The Associated Students of the University of Utah has officially responded to ongoing controversy surrounding a lawsuit from the family of Lauren McCluskey, who was murdered on campus in October 2018.
The civil rights case aims to sue the University on the grounds of violations of Title IX, the Equal Protection Clause of the Fourteenth Amendment and due to Interest on Money Judgement. The University responded on Sept. 20 by releasing a statement asking the court that all charges be dismissed against both the University and its Police Department.
The most controversial language in this motion is found on page three: “The claims presented attempt to circumvent United States Supreme Court precedent establishing that the Constitution does not require police departments to protect persons in their jurisdiction from harm.”
Adding further fuel to the fire, The Salt Lake Tribune released an article on the motion that paraphrased the U’s argument by saying, “Officers had no obligation to protect McCluskey from her attacker.” This quote led to backlash from U students, especially those within ASUU.
A resolution denouncing the University’s language was created and began circulating through the student government. The assembly opted to pass the resolution. The resolution has not yet been heard in the Senate.
The resolution criticized the University’s handling of the case: “Be it resolved that the Associated Students of the University of Utah are disappointed by the language used in the University’s motion to dismiss all charges … Be it further resolved that [ASUU is] opposed to statements made by the University of Utah that have been widely interpreted as victim-blaming as part of this lawsuit.”
“Everyone I’ve talked to in the senate wants to make sure we are representing the students,” said Senator Devon Cantwell, who introduced the resolution. “It comes down to making sure that everyone feels comfortable and united in the language that we’re using.”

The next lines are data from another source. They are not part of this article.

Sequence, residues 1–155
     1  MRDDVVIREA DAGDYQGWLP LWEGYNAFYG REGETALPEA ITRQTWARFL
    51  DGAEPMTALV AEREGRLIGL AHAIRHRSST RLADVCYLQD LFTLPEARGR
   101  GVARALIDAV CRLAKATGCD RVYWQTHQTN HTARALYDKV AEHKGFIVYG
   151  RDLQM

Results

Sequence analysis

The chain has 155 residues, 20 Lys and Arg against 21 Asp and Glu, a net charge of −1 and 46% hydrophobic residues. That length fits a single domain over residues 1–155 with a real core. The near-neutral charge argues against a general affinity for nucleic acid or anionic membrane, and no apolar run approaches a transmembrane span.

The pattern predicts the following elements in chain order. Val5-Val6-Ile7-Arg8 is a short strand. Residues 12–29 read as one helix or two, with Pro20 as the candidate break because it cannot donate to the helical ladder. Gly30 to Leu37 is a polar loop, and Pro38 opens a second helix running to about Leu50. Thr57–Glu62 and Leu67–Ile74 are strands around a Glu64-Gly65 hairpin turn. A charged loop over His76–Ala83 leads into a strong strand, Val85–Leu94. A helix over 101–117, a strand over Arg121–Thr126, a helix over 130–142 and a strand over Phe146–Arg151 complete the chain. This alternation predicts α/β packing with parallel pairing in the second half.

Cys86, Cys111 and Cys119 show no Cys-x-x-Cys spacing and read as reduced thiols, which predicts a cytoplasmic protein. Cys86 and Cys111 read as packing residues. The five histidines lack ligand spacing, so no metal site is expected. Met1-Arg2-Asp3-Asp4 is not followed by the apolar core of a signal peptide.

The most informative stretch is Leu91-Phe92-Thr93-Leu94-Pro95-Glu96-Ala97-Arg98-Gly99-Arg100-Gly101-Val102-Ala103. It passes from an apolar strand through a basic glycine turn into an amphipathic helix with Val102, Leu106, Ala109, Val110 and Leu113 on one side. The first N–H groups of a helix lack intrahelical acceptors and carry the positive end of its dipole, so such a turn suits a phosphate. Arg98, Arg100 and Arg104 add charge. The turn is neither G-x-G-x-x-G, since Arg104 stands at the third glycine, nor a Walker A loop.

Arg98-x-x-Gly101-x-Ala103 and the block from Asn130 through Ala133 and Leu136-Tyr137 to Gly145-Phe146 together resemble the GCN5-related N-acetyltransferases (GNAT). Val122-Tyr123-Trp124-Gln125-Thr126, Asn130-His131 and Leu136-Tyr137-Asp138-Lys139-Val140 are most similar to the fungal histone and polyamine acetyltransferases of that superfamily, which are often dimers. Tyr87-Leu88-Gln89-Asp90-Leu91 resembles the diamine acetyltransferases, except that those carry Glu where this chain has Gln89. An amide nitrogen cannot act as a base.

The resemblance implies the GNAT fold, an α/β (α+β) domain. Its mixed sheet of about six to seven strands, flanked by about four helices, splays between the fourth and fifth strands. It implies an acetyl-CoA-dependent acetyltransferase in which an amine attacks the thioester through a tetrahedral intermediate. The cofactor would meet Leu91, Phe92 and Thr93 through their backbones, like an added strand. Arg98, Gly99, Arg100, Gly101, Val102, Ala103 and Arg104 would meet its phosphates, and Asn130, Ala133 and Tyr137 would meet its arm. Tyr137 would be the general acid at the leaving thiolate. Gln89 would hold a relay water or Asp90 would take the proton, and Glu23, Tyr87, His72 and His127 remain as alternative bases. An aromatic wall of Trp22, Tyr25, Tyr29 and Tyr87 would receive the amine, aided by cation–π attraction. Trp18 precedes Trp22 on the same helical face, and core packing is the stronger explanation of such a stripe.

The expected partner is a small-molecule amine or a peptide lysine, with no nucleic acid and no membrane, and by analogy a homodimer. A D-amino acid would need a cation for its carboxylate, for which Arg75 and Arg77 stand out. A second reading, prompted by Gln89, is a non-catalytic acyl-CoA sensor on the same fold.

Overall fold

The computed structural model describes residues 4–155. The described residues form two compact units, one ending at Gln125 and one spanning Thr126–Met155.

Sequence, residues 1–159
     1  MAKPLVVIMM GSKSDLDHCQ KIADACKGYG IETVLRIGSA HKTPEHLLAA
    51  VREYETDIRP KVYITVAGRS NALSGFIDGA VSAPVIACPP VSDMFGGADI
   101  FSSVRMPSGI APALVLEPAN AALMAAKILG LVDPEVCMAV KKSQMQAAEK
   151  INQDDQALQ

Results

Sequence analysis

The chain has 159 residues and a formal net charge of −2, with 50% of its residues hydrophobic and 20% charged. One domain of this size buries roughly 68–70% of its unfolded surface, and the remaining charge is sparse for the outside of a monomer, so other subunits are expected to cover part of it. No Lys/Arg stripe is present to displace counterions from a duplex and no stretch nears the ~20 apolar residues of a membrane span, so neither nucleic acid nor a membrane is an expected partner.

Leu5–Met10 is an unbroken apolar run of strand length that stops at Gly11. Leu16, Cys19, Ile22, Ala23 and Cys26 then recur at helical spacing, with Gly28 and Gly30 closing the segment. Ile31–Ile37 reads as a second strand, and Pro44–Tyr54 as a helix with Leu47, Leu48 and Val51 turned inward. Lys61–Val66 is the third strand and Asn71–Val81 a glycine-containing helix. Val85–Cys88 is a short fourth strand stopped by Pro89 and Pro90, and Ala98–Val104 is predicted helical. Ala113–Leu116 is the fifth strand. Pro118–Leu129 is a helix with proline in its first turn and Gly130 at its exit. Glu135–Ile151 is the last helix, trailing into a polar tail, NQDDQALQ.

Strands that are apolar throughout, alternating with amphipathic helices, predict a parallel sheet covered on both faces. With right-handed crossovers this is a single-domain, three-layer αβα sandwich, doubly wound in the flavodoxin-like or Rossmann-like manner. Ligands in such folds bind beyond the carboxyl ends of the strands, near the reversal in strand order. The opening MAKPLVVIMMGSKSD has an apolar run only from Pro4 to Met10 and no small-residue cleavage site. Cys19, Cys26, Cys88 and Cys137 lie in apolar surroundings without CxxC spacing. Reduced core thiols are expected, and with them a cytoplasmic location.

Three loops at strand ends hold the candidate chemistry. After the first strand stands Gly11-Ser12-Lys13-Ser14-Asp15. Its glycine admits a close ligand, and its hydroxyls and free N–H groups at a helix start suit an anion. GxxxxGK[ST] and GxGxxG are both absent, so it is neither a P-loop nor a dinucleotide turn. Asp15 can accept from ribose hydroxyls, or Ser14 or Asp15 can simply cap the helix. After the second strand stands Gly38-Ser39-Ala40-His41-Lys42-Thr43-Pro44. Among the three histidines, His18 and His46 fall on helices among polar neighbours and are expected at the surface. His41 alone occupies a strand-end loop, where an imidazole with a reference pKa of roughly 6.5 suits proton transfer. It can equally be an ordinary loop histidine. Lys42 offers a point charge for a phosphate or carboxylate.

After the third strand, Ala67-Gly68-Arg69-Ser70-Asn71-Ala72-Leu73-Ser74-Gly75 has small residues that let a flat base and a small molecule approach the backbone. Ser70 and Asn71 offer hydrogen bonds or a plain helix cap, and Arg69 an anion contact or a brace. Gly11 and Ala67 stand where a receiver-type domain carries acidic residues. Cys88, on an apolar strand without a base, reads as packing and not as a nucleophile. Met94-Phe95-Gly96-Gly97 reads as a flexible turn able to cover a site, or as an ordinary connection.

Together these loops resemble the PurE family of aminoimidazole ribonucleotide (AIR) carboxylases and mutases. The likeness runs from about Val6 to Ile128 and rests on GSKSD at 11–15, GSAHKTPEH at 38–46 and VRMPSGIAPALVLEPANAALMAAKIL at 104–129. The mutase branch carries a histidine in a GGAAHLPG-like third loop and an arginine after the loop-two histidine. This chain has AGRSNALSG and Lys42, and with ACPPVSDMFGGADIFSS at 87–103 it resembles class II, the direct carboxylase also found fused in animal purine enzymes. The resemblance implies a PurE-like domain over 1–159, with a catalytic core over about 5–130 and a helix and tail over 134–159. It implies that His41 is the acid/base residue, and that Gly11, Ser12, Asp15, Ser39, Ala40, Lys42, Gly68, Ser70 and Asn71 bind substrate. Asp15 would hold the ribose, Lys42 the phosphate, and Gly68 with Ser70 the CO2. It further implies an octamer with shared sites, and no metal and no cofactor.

The University of Utah released a statement in response to the resolution claiming that this was a matter of miscommunication, and thanked ASUU for sharing their concerns. “In the motion, the university has not argued that its police have no responsibility to protect students,” said General Counsel Phyllis Vetter. “The motion to dismiss simply reflects current federal law which prohibits monetary judgements against the university and its officers under the circumstances in this case.”
Many members of ASUU still feel that the University is in the wrong, despite their claims of the motion for dismissal being a necessity. “Their response — obviously on paper it’s what they’re supposed to do,” said Assembly Representative Adrian Porras. “However, there’s many instances in history where what’s good on paper isn’t good in practice.”
The ASUU Senate had plans to meet on Sept. 26 to vote on whether or not to pass the resolution, though the meeting has since been postponed. “I have decided to vote in favor of cancelling tonight’s meeting, with the intention of calling a meeting next week,” said Senate Chair Damon Ngo in a statement sent to all other Senators. “I find this to be a compromise of allowing people enough notice to plan for a meeting of this much importance, yet not waiting three weeks to vote upon a resolution of this matter.”
ASUU will be holding a town meeting on Oct. 2, where they hope to further address the matter with the help of other U students. Interested students can attend from 2-3:30 p.m. in the Union East Ballroom.